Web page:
As much as I enjoyed vacation in Apia and our time in Tutuila with the other volunteers, the time came for us to return to the real world on Wednesday, considering school had started Monday and I was more than ready to be back in my own bed and have a routine again. The contract teachers had made it back to Ta’u on what ended up being the last flight out of Tutuila on Friday the 3rd before the plane broke down in Apia. Because of WorldTeach mid-service meetings we were not booked on a flight until later in the week. When flights all started getting cancelled because of mechanical issues Sasha, Chris, Matt and I hopped on the MV Sili (the boat the serves Manu’a) not wanting to risk not getting back to work another week late. We got up at 3am on the 8th, left the house at 3:30 am, were at the dock by 4, and set sail around 5:30am. Then things started to get interesting….
From plenty of previous experience I know I get sea sick and decided to try to take medication before I left solid ground, which turned out to be a great idea. I actually enjoyed a boat rode for the first time in my life. And if not puking wasn’t enough, within 30 minutes of leaving the dock in Tutuila we looked over the railing to see dolphins leaping through the water beside the boat. It was a magical moment.
We kept our eyes out for a little longer before all claiming benches on the boat to nap. For 7.5 hours straight. I woke up occasionally to roll over or check for land in the distance. Or when giant rogue waves soaked me. It’s hard to sleep through that. We had been instructed by our Filed Director to spend the ride filming the WorldTeach AmSam ‘I’m on a Boat’ music video, but no one was ever awake long enough. There is always next time. A little over seven hours later we found ourselves pulling into the wharf in Ofu, our neighboring island in Manu’a (it’s always in the pictures I take from Faleasao). We waited while the boat was unloaded hoping we would be heading onto Ta’u since there was still time for the boat to make it into the Faleasao wharf before it’s dusk deadline. But that was not in Mother Nature’s plans. The captain said the water was too rough for the boat to make it through the channel and into the wharf in Faleasao, so we would have to overnight in Ofu and continue the trip home in the morning. Many people slept the night on the boat, but the 4 of us were lucky. We had been in the boat with Karla, a previous WorldTeacher on contract in Olosega (the island connected to Ofu by a one lane bridge). She invited us to her house for the night, where she spoiled us with a real bed and actual food.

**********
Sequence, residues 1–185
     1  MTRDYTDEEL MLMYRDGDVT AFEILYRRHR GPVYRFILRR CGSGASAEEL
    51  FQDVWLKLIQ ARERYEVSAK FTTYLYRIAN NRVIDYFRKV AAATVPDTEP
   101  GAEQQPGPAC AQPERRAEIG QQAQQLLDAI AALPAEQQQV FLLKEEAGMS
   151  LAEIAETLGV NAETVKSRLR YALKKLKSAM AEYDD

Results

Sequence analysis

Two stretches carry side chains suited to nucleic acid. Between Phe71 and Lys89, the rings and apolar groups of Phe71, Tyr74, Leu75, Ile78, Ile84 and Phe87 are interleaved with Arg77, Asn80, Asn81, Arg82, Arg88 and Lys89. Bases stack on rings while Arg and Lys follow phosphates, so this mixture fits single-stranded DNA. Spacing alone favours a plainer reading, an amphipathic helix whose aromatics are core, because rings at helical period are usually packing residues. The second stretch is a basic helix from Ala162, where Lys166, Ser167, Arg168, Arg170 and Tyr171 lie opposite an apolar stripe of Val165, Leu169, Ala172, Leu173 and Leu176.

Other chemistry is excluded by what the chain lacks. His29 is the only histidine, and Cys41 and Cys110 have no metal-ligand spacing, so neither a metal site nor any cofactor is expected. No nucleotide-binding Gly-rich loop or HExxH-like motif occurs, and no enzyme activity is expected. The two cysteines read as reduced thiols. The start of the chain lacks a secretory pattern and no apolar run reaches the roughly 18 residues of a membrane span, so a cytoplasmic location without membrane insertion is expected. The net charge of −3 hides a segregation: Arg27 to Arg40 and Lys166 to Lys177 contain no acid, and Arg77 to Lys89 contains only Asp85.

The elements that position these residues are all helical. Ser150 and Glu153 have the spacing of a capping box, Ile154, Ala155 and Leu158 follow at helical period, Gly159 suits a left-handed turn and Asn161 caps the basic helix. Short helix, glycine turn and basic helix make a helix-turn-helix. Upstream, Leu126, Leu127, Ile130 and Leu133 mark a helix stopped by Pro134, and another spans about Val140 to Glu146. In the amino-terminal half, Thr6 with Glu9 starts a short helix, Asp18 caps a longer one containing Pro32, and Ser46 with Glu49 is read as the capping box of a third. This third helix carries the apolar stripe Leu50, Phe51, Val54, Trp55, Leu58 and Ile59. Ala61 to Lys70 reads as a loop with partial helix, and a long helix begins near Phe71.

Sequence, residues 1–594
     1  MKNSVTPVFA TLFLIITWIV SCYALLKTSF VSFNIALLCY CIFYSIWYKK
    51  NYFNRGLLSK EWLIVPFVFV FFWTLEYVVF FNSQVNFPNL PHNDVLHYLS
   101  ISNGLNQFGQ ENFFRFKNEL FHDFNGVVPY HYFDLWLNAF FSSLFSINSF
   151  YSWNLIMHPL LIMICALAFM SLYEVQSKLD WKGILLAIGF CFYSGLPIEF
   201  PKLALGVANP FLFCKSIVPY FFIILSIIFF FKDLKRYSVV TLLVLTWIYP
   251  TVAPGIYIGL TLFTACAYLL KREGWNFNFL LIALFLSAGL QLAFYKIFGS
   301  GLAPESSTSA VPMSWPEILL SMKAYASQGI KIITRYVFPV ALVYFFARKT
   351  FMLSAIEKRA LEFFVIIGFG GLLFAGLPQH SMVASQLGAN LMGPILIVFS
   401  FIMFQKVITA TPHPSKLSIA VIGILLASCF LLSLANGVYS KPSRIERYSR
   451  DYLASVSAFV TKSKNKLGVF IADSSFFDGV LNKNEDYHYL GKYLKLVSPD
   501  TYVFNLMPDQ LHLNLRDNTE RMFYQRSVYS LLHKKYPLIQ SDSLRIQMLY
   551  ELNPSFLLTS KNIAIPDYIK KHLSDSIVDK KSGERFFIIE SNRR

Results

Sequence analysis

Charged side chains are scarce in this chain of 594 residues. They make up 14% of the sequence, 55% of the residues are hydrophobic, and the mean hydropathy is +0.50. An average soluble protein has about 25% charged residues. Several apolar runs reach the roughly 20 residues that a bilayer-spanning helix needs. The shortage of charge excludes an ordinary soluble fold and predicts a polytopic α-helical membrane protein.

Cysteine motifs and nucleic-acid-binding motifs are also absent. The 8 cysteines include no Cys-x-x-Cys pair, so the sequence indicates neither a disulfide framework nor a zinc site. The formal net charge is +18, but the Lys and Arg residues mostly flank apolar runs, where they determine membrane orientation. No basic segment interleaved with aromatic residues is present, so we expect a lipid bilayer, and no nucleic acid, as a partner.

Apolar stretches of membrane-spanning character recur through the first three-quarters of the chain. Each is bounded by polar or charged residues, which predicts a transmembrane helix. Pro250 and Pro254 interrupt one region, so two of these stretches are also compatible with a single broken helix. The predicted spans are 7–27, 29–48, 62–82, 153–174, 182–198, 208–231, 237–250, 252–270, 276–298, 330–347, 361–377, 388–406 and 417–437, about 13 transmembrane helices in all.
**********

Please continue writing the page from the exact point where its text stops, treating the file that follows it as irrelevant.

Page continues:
After catching a little sleep, we repeated the morning boat routine – got up at 3, got a ride at 3:30, and were at the wharf by 4. But this time our ride to the wharf was a little more interesting. We grabbed our bags and stood by the side of the road flagging down trucks asking for a ride (there is nowhere besides the wharf to be going at 3:30 am…). Most trucks were already piled high with supplies and people, but after a few minutes were flagged down 2 neighbors who had a little spare room for a new palagi friend or 2. Sasha and I ended up in a truck with a woman and 3 teenage boys who fittingly named our ride the Ofu Roller Coaster – it went up, down, twisted and turned, speed varied greatly, and at one point it rained so hard it hurt as it hit skin. But we made it to the wharf, onto the boat, and set sail around 6 am.
Around 7:30 we were approaching the Faleasao wharf with our house in sight when the boat stopped. The water was still rough and the waves were too big for us to make it safely into the harbor. I thought we were headed back to Ofu to wait it out, when the boat turned and headed towards the dock in Ta’u Village. This dock can’t accommodate the MV Sili so we were a little confused about what was going on, but one of the boat hands came and translated for us – we would be parking out at sea and using the alia boats (small fishing boats) to shuttle all passengers and cargo to land. We gathered all our cargo, put it in the pile to get unloaded, and then got into the mob of people waiting to get off the boat. When my turn came I stepped up to the edge of the boat where the alia boat had pulled aside us. It was a several foot drop in height and the alia boat was going from touching the MV Sili to being 6 feet off as the waves came and went. Two men grabbed my hands and a third shouted ‘When I say jump, you jump!’. I responded with a ‘right….’ which unintentionally got a laugh out of the deck hand, but before I could totally process the directions and assess the jump, they yelled ‘go!’, one pushed as the others pulled my hands, I jumped, and landed safely on the deck of the alia boat. Transfer = success. When we got into the dock there was a good 5 foot climb from the boat to the dock, but 2 more men grabbed my hands and before I knew it I was on the dock and on my way to wait for cargo. The alia boats came and went about a dozen times unloading cargo and people before we saw the Sili sailing back towards Faleasao. Somehow things had changed and they could now get into the wharf. We piled into trucks, went to the wharf, finished gathering our things, and then got a ride home. By this time it was 11am the following day.
What is typically a 30 minute flight was a 32 hour voyage. But I am glad we got to experience the boat ride and a rare alia unloading (it doesn’t happen often). I got to see dolphins, unexpectedly tour Ofu and Olosega, ride the Ofu Rollar Coaster, and discover the amazing effectiveness of Bonine motion sickness pills. The process of returning home from vacation was almost as eventful as our entire vacation in Apia. But now that we are back it means I have to take over all my classes again and actually write the tests they are taking tomorrow…